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The surreal swirls of ocean plankton blooms, seen from space

When tiny plant-like organisms float to the surface of the ocean, the result looks like a painting, on a global scale.
  • Johnny Simon
By Johnny Simon

Deputy Photo Editor

Published Last updated This article is more than 2 years old.

Yes, those are clouds you’re seeing, but they’re not floating over the sea—they’re under it.

Phytoplankton and algae inhabit bodies of water around the world. When clusters of the tiny plants multiply near the ocean’s surface, where light is plentiful and the water is warmer, they change how light reflects off the water. Blooms often pop up in spring, when warmer waters and more sunlight produce optimal growing conditions, but they can be triggered by different factors: Agricultural runoff can lead to a spike in phytoplankton production, while some believe that the chaos of seas in the winter spare the plankton from being eaten, leading to an accumulation until spring arrives.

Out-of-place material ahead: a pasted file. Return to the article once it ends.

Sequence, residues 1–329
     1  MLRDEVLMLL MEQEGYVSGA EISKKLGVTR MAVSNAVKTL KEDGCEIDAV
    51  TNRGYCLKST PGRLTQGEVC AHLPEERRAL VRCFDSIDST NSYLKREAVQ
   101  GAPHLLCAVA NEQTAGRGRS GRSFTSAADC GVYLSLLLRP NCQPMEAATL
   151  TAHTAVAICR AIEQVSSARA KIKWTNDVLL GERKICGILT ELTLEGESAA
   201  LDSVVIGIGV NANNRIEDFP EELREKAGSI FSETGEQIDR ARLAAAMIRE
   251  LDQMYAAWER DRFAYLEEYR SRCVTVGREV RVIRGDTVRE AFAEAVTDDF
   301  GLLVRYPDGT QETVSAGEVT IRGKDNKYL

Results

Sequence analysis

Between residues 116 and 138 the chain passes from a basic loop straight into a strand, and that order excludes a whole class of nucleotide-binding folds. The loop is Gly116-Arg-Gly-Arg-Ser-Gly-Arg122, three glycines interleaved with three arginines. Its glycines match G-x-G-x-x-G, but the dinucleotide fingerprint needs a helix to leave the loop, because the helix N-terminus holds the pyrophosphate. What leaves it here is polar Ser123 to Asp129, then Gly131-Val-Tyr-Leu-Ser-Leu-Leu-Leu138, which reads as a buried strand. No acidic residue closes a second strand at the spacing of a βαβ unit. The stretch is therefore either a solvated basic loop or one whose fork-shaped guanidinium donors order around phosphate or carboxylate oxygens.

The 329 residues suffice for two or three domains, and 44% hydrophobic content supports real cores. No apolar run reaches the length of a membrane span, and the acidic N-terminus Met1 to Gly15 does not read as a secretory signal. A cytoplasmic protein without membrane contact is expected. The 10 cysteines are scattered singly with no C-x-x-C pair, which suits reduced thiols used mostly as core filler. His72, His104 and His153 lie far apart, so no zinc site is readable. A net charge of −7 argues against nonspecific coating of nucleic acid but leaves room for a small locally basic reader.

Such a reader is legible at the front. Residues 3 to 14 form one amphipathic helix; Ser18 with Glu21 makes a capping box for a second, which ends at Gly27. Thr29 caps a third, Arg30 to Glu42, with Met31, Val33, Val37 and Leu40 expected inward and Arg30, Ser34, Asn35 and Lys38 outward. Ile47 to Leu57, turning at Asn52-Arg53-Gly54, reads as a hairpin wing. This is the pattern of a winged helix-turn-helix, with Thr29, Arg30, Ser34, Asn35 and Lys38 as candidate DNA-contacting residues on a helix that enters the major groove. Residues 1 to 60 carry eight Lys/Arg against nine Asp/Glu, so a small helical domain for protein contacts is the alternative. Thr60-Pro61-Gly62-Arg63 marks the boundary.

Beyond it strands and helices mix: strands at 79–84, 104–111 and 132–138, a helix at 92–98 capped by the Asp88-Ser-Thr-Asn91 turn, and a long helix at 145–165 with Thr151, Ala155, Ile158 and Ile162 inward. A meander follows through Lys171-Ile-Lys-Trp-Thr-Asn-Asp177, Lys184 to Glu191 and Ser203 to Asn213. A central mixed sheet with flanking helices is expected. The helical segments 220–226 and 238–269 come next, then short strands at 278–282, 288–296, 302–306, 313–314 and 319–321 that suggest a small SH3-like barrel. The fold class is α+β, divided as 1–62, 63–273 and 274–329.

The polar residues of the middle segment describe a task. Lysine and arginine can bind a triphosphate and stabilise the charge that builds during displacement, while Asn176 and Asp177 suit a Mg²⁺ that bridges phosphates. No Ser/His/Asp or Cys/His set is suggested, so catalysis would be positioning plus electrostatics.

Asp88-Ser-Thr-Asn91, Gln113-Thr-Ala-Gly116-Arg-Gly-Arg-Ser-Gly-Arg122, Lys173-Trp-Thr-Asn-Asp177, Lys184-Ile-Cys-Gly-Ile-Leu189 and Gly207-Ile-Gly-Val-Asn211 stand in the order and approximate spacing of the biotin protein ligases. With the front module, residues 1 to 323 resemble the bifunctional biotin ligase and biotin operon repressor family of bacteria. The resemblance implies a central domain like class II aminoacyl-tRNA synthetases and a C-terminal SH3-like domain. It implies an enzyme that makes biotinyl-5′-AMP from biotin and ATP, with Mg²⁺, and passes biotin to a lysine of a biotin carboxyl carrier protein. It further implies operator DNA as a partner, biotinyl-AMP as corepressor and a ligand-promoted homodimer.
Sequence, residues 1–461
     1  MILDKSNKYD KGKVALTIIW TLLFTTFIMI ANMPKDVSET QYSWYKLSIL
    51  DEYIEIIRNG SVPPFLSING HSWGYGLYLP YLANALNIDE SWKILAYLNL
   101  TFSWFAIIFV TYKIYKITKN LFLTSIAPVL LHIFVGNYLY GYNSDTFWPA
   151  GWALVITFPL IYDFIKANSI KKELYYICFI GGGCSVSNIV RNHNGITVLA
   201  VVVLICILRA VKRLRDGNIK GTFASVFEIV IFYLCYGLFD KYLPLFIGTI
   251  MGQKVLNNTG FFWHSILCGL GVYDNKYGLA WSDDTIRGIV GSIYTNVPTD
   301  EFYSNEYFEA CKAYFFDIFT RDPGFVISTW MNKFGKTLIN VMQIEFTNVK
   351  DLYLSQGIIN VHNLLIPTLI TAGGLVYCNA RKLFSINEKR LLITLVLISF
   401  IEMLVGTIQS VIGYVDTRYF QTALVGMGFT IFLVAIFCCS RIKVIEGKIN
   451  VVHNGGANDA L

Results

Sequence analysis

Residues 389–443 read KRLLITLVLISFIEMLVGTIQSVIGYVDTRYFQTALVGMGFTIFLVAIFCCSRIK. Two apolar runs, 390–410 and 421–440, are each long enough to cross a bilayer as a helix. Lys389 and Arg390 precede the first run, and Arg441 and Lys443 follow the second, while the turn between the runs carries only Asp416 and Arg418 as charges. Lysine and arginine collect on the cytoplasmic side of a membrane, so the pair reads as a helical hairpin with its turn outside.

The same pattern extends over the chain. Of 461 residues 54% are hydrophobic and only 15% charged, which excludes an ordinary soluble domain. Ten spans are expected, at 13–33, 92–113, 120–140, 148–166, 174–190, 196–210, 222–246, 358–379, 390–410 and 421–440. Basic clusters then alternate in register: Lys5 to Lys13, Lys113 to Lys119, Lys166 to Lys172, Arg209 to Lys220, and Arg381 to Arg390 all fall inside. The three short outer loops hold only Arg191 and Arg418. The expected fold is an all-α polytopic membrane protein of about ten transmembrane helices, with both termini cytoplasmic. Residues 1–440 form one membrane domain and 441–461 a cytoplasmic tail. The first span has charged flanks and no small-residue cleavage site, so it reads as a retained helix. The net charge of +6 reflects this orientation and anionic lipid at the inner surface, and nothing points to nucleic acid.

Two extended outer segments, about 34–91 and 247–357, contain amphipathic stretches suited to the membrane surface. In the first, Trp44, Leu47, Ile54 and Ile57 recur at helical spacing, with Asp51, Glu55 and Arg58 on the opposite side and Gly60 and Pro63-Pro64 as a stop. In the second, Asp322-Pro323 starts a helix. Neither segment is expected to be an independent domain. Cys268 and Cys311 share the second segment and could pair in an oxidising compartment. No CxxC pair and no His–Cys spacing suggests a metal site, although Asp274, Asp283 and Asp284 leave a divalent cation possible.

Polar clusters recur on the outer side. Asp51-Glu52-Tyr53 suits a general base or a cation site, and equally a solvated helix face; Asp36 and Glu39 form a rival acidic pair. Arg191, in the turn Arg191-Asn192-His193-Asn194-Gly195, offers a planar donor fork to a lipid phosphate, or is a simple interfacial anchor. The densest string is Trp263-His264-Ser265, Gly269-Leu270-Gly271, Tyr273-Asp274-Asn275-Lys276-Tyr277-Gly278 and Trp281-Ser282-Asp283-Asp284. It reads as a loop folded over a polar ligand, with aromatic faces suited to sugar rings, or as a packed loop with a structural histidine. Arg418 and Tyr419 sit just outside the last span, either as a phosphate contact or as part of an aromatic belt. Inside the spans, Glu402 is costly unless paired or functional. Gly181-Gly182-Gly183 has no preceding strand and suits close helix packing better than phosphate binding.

Suddenly, this photosynthesis free-for-all is visible from space.

Here are some of the most lovely and surreal blooms captured by NASA satellites or seen from the International Space Station over the years.


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